Australia’s Therapeutic Goods Administration (TGA) issued official safety warnings for only 30% of all pharmaceuticals which were considered to have a drug-risk issue, research published this month in JAMA Internal Medicine shows.
Of the 619 risks related to drugs provided in Australia over a nine-year period, the TGA issued advisories for just 183 of them.
The researchers analysed 680 individual drug safety issues and compared those with the safety warnings reported by medicines authorities in Australia, the UK, Canada and the US.
Of these four nations, the TGA was considered to be the least consistent in its decisions to issue safety warnings on approved prescription medicines.
When a drug was subject to at least one safety warning, the TGA failed to report that on more than 70% of occasions. This was higher than all other regulators, including the US Food and Drug Administration (59%), Health Canada (50%) and the UK Medicines and Healthcare products Regulatory Agency (47%).
Associate Professor Barbara Mintzes said the level of concordance between regulatory bodies to warn clinicians of medicine risks was low, despite reliance on the same information from the European Medicine’s Agency.
“Overall, we found that regulators were only consistent in the decision to warn 10% of the time,” she said.
But a spokesperson for the TGA rejected the claims made in the study.
The TGA said its decisions to notify about risks was based on Australian-specific factors which accounted for the differences compared with its overseas counterparts.
“Responding to a safety issue is a dynamic, complex and context-dependent process and therefore simply comparing a single activity between countries oversimplifies the issue and significantly limits the study’s conclusions,” the spokesperson told The Medical Republic.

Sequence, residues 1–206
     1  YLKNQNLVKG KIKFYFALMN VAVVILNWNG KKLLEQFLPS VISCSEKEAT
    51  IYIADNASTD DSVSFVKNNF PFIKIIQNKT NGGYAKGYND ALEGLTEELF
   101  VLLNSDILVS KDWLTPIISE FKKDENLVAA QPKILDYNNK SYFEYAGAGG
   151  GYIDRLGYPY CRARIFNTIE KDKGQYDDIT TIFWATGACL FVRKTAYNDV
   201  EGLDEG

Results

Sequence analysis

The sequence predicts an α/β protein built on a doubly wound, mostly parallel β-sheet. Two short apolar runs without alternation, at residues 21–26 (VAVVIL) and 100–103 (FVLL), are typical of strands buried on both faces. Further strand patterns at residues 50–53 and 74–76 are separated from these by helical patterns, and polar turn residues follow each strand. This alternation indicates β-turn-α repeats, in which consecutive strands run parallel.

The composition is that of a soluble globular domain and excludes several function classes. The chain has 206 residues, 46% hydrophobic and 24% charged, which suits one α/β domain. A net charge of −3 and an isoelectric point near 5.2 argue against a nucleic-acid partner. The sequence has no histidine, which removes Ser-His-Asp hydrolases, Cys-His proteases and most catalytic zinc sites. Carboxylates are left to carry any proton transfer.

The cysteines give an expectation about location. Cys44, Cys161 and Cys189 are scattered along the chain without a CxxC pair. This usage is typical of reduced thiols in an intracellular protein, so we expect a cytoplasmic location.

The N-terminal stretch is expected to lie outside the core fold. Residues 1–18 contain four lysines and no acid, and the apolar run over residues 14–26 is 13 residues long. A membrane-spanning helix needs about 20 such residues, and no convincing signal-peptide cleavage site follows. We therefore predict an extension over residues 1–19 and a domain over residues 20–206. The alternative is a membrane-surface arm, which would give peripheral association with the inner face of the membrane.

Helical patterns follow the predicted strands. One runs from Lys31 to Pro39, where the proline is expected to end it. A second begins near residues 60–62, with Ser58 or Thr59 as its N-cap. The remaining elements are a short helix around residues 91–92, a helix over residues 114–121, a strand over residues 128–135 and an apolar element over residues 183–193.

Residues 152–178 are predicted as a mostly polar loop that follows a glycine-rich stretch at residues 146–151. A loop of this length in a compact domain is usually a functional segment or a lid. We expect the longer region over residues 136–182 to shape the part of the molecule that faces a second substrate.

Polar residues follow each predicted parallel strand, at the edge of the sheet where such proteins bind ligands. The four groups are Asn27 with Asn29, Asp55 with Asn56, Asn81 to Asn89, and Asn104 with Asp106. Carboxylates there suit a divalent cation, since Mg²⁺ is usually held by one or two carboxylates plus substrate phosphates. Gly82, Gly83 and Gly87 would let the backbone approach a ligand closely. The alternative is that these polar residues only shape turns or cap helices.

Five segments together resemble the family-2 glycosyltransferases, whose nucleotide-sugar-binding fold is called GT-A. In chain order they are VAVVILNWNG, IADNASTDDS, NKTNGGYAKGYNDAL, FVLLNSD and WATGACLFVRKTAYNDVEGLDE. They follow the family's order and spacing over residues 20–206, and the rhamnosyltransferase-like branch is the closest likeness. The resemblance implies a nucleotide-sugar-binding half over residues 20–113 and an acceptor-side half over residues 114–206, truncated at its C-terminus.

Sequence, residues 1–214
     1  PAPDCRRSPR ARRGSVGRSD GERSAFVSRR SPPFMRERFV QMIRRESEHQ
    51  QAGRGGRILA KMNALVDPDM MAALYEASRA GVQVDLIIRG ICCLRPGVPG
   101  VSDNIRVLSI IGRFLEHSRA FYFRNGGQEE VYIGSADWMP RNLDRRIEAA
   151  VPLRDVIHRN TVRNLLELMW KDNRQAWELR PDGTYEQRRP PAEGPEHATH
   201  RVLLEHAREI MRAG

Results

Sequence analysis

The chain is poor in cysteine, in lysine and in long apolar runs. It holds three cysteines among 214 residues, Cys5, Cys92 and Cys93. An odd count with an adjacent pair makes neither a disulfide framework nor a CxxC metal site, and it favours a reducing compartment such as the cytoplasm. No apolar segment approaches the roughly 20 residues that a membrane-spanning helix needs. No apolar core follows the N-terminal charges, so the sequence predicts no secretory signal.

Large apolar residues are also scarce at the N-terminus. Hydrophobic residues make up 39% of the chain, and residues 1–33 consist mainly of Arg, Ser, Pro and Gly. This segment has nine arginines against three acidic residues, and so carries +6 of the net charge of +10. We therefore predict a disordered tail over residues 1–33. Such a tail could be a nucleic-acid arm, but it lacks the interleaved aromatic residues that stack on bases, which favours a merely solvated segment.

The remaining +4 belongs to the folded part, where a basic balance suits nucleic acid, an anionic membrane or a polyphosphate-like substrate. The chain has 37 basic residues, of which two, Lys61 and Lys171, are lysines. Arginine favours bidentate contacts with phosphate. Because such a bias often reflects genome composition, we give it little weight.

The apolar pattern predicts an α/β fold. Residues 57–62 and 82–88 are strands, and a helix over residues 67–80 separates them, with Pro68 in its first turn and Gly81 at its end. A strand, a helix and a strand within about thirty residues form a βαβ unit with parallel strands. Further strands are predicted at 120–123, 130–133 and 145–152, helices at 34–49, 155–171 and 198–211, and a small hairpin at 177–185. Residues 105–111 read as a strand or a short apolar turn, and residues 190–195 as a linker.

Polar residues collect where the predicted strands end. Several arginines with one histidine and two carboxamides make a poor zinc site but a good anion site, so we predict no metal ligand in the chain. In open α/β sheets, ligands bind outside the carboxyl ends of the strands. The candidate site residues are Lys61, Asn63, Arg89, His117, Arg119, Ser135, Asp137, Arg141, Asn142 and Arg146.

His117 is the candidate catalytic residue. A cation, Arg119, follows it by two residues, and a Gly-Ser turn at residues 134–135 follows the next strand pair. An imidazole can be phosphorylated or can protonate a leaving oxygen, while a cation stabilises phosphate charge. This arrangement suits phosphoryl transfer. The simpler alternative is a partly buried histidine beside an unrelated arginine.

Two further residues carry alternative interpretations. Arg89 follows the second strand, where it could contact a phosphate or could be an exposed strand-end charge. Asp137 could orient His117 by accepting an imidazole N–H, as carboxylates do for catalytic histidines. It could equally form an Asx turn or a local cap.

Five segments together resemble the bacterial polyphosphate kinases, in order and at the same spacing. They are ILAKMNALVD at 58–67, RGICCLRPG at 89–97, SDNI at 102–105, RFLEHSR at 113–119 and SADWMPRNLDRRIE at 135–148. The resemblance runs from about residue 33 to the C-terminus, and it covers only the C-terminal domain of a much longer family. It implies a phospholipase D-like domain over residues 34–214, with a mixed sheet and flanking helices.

The TGA said its website published safety alerts, including information for health professionals and consumers, which was also shared on social media channels.
“…Each regulator may make different decisions in how they choose to communicate a safety issue based on a number of local factors, including the registration and funding status of the medicine, the real-world use of the product (including different patient populations) and the evidence base for the safety concern,” they said.
Professor Mintzes said a better understanding was needed regarding safety warnings to ensure they were being properly communicated to doctors.
“Just how much does the seriousness of the risk or strength of the evidence come into play, and more importantly what are the public health implications of such decisions – especially for patients?” she asked.